Given we had to make a bit of progress we followed onto to Honiton which needed a detour as the town centre was cordoned off for some event. Everyone navigated the increasingly eroded short lane up to Cheeseway Ash, but there was an ominous amount to steam emanating from Ernie’s Scorpa. He’d fettled it since the spring when it packed up across Exmoor, with some sort of battery charging issue. It had water issues the last time we travelled east though as well, a T-piece breaking on the water feed from or to the radiator. After a bit of poking and prodding, given the restricted access without pulling off the tank, it was concluded that it may have been a bit of a water overflow thing from the rad…… We mulled it over with a few of Eddie’s jelly babies and rode on. The Southcote Farm lane was lovely as always, the grapes in the vineyard about to be harvested and sent off to Lyme Bay winery for fermenting. The stream at the bottom we forded was a bit swollen from overnight rain but nothing too technical, it never seems to get too wet, although 4x4s have obviously been active there and there is annoying evidence that they’d been playing in the river, driving along for about 100 yards before clambering out onto the true course of the lane. Much more damage and people I’m sure will start to complain. We kept to the legal route, the sickly sweet aroma of the highly invasive Himalayan Balsam hanging heavily in the damp morning air.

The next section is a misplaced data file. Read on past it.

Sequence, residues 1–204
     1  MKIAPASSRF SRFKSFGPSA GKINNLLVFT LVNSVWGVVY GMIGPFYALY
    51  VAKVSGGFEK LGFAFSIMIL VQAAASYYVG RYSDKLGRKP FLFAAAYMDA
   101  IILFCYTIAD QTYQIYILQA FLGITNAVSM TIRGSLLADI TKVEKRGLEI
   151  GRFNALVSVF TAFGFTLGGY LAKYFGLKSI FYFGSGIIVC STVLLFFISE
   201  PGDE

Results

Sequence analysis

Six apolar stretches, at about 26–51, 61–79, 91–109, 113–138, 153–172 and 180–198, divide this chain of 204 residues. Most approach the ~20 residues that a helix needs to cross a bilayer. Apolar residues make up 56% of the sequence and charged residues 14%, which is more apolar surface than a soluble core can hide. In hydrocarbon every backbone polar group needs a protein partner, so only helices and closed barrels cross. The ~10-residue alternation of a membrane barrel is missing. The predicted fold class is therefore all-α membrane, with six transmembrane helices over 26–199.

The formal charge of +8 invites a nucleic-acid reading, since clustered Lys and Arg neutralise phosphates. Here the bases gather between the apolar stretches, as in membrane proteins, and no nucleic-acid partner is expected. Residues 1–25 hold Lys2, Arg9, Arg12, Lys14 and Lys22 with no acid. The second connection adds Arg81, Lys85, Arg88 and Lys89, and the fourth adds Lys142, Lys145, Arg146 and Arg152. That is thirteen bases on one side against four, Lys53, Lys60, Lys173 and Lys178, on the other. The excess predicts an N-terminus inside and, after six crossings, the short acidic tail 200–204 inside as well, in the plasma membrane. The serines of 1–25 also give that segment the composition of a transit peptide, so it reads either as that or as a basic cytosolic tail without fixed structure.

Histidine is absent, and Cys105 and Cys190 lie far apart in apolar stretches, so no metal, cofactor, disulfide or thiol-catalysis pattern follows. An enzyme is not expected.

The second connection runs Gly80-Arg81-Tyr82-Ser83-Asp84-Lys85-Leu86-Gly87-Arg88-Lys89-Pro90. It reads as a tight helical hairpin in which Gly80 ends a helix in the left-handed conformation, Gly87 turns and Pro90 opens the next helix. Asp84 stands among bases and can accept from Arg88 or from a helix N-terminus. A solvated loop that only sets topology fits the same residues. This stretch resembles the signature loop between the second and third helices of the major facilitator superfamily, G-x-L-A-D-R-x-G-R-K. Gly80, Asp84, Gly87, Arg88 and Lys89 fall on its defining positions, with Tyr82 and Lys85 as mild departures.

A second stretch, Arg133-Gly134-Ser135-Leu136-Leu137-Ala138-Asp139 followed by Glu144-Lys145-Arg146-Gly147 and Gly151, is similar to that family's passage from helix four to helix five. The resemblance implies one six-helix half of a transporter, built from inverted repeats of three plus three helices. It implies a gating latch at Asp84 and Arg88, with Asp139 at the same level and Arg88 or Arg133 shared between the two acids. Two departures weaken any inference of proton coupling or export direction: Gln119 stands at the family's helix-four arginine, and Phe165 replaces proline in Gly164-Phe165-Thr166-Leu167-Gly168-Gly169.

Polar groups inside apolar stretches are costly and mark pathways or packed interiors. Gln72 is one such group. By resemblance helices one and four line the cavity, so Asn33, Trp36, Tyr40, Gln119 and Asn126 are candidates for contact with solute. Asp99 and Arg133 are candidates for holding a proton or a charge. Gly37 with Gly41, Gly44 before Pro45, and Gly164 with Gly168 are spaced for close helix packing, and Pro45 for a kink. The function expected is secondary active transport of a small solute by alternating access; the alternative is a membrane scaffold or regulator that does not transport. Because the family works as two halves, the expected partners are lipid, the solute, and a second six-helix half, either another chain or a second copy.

We all then had a hassle-free ride up to Lower Cleave up a dumpy bag repaired lane that I managed feet up on the old CRM250 which I was very pleased with. We all eventually crossed the A35 which never gets quiet it seems, even in late September, we rode up the UCR at Parehayne Hill dappled light piercing the canopy of trees as we picked our way over the roots and stones, suicidal squirrels scurrying hither and thither. Just as they seem to have narrowly avoided being squished by my front wheel, they seem to double back and have another go at diving through my spokes!